Moreover, there is racism in the national anthem itself, as this excellent article at TheRoot.com shows:
To understand the full “Star-Spangled Banner” story, you have to understand the author. Key was an aristocrat and city prosecutor in Washington, D.C. He was, like most enlightened men at the time, notagainst slavery; he just thought that since blacks were mentally inferior, masters should treat them with more Christian kindness. He supported sending free blacks (not slaves) back to Africa and, with a few exceptions, was about as pro-slavery, anti-black and anti-abolitionist as you could get at the time.
Of particular note was Key’s opposition to the idea of the Colonial Marines. The Marines were a battalion of runaway slaves who joined with the British Royal Army in exchange for their freedom. The Marines were not only a terrifying example of what slaves would do if given the chance, but also a repudiation of the white superiority that men like Key were so invested in.
All of these ideas and concepts came together around Aug. 24, 1815, at the Battle of Bladensburg, where Key, who was serving as a lieutenant at the time, ran into a battalion of Colonial Marines. His troops were taken to the woodshed by the very black folks he disdained, and he fled back to his home in Georgetown to lick his wounds. The British troops, emboldened by their victory in Bladensburg, then marched into Washington, D.C., burning the Library of Congress, the Capitol Building and the White House. You can imagine that Key was very much in his feelings seeing black soldiers trampling on the city he so desperately loved.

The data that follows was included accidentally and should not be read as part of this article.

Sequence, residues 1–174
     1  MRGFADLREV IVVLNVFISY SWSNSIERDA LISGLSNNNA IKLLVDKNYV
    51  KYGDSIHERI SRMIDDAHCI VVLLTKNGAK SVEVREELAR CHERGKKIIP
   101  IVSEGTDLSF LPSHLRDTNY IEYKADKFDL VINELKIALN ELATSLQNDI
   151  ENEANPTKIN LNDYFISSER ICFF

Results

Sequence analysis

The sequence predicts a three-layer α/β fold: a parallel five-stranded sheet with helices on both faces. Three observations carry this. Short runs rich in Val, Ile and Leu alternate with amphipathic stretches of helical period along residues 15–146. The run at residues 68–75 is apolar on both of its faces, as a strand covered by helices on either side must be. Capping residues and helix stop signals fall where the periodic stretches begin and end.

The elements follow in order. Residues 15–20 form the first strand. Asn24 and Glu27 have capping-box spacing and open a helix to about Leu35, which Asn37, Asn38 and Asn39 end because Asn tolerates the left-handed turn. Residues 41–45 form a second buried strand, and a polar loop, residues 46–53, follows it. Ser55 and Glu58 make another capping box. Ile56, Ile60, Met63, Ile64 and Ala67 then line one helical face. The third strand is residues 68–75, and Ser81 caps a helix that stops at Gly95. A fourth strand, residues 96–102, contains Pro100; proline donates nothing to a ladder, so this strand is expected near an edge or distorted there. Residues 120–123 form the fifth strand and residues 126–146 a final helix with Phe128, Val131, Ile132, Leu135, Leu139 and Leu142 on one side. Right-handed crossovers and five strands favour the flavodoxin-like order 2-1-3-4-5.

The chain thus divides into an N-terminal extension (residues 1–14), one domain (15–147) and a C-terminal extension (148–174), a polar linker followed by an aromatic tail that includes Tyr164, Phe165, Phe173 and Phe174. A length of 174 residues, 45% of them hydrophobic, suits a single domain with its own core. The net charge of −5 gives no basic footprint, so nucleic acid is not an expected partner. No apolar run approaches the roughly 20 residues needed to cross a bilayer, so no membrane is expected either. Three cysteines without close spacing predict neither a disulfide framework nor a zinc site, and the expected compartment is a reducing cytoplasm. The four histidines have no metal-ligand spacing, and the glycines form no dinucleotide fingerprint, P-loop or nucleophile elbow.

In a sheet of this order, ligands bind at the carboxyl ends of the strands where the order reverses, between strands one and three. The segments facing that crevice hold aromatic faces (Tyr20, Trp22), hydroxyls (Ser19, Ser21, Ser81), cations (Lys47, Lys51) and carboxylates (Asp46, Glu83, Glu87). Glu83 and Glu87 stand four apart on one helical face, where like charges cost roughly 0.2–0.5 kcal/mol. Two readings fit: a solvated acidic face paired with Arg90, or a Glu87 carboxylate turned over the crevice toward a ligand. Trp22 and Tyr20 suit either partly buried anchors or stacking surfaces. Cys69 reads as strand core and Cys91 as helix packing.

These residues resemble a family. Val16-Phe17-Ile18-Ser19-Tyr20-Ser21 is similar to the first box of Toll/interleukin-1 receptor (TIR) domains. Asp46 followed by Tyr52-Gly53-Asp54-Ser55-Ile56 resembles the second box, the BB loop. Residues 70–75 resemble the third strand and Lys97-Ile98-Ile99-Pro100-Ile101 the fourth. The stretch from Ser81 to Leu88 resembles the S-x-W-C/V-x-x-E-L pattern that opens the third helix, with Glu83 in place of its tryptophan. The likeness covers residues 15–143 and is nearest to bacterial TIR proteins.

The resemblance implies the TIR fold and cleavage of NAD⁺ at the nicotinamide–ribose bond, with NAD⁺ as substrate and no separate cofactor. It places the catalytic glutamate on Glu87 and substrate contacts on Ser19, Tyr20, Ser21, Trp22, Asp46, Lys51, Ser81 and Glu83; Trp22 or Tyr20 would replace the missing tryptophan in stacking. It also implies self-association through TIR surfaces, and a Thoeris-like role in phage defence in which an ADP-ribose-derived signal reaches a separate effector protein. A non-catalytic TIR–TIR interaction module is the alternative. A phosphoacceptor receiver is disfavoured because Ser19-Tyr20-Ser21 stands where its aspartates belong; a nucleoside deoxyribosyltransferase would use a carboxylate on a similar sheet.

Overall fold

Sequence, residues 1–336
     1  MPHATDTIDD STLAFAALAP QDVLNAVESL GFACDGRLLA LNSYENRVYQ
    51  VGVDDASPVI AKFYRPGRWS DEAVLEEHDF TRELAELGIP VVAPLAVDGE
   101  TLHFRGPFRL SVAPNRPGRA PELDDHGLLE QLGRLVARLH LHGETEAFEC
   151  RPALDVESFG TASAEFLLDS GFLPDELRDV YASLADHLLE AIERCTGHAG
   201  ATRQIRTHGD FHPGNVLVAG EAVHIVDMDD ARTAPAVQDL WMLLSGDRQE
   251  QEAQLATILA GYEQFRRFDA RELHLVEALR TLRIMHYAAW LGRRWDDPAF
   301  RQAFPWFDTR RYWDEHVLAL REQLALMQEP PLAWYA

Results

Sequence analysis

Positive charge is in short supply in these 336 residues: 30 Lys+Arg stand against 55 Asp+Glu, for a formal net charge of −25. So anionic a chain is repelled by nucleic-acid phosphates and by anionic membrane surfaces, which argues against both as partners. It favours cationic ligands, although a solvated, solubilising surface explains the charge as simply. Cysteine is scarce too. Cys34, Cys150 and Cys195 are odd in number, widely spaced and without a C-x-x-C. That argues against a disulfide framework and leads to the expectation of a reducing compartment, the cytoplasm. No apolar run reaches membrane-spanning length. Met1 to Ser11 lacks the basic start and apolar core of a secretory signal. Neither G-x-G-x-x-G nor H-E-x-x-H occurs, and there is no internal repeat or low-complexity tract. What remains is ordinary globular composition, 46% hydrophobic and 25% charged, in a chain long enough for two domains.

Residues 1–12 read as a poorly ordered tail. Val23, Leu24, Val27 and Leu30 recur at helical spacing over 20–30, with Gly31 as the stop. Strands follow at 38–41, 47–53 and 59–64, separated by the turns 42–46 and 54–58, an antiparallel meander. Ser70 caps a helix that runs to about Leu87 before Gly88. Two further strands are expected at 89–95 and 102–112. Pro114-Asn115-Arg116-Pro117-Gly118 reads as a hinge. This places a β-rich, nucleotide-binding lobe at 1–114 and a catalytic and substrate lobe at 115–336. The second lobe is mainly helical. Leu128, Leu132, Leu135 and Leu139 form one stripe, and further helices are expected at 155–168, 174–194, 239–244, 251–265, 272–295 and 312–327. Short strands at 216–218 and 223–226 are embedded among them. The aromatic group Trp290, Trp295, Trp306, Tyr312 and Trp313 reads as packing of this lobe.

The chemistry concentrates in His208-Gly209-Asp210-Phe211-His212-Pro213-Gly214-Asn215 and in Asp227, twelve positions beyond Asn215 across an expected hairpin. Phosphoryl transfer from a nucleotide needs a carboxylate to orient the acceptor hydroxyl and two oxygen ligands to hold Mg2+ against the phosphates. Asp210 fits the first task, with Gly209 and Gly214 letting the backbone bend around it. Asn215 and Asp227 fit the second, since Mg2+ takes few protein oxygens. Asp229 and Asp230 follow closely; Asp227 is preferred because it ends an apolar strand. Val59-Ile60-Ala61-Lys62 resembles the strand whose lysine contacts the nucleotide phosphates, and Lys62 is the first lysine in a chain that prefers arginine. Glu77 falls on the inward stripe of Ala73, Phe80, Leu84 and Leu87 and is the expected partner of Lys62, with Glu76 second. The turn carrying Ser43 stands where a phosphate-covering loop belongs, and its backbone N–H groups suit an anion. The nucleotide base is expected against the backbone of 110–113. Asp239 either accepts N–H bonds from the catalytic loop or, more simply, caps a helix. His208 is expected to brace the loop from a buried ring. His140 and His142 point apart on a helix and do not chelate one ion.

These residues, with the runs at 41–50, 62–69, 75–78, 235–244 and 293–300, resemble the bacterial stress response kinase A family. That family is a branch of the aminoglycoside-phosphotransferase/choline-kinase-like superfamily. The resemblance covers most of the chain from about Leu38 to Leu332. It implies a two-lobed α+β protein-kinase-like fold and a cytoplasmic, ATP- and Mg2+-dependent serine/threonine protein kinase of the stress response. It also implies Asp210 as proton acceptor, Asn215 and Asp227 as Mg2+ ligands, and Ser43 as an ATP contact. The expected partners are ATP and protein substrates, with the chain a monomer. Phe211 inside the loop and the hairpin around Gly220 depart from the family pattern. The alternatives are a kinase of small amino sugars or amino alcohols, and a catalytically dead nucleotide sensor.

A few weeks later, in September of 1815, far from being a captive, Key was on a British boat begging for the release of one of his friends, a doctor named William Beanes. Key was on the boat waiting to see if the British would release his friend when he observed the bloody battle of Fort McHenry in Baltimore on Sept. 13, 1815. America lost the battle but managed to inflict heavy casualties on the British in the process. This inspired Key to write “The Star-Spangled Banner” right then and there, but no one remembers that he wrote a full third stanza decrying the former slaves who were now working for the British army:
And where is that band who so vauntingly swore,
That the havoc of war and the battle’s confusion
A home and a Country should leave us no more?
Their blood has wash’d out their foul footstep’s pollution.